4 Steps to Making Money as an Android Developer (Yes, it is possible.)

There was an interesting post the other day on Google and Blog entitled Making Money in the Android Market. (If you follow us on Twitter (@apsalarinc), you may have already read the article.) In sum, the blogger laments the shortsightedness of some Android developers who see fit to flood the market with inane apps (about which they themselves don’t even care), forsaking a chance at a greater payoff over time for the ease of a quick buck. One developer questions how to be expected to make a living through ad revenue alone.

To the developer mentioned in the post, and to all others with the same dismal outlook, we say: Get creative. Get strategy-savvy. We’ll tell you exactly how you can make money, in actionable steps no less.

So here’s the situation: It is more difficult to monetize in the Android market. This is the case because the Android market lacks the concept of in-app purchases, which has worked out so well for Apple. But guess what? There’s a work-around, and it involves strategy:

1. Create a quality product.
The characteristics of a great application are constantly in flux, so don’t just turn to what’s at the top of the charts now and mimic them. Take pride in your app.
2. Have a freemium strategy.
Most of you developers seem to have already taken this advice to heart—for the free app part of the equation. According to Distimo’s August 2010 Report (app store analytics), Google Android Market has the largest share of free apps available at 60%, versus 29% for iPhone.
3. Get downloads; increase your user base.
Do your research: time your sales well; know when to go for a price cut, and more importantly, when not to; investigate the cause of a surge in interest in your app; react to trends; publicize your app across social media channels.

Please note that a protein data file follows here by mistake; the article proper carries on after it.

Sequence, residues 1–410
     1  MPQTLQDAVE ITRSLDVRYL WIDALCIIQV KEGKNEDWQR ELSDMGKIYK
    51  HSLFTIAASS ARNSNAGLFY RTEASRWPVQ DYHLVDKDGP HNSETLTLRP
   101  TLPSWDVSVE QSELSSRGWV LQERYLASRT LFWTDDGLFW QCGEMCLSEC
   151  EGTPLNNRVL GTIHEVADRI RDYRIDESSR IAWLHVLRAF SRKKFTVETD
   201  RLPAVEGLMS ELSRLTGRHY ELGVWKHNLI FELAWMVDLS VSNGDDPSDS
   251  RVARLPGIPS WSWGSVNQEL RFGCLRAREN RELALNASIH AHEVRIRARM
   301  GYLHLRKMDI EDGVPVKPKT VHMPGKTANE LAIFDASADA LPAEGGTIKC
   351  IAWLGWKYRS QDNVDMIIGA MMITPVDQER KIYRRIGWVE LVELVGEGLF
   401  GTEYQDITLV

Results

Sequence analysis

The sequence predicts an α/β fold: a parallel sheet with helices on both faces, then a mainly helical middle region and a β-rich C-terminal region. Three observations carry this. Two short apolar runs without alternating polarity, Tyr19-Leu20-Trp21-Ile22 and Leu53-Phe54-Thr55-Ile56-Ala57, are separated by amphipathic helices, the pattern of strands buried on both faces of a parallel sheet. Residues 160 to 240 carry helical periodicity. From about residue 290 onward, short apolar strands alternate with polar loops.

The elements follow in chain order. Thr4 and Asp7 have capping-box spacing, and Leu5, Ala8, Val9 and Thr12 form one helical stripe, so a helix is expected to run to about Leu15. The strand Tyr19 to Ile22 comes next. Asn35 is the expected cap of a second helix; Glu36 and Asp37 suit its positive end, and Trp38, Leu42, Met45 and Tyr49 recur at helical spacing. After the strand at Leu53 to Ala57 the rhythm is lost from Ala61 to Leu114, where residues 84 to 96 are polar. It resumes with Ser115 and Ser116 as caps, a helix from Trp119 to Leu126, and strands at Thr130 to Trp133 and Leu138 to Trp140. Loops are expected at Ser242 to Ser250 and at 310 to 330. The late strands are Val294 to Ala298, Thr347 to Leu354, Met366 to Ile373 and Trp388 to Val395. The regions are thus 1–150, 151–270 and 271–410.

4. Convert free users to paid; generate revenue.
OPTIMIZE USER EXPERIENCE. We can’t stress this enough. You cannot do this without proper analytics. You need to know how the user is engaging with your apps, both free and paid, and where the user is dropping off. To get this level of information, you would need a user-centric funnel that spans from your free app to your paid app. Once you have this information, you can appropriately place a link in your free app to a paid version. You will then be able to track this link’s performance, and adjust placement accordingly.

There you have it. The Android market as it stands can still be lucrative for developers with the right mindset, and with the upward trajectory of the market, is building up to be even more so. Step #5, or really #4.5, is to figure out the optimum price for your app. Distimo notes that applications are priced lowest in the Android Market; additionally, the average price of the Top 100 Paid Applications is higher than the Average Price of All Paid Applications ($4.57 vs. $3.23). To best monetize your app, make sure it is priced at its worth (and decide if you’re pricing for maximum downloads or maximum revenue).

Now that you have a framework, and soon, access to the proper toolkit…developers, it’s gametime. For more information on ApScience, a tool that can help you with item #4, stay tuned for coverage on Apsalar’s launch at DEMO Fall 2010.

iPhone developers, we haven’t forgotten about you. The advice here can be applied to iPhone, iPad, and web apps as well (as can all our tools). We’ll dedicate a separate post to you in the future.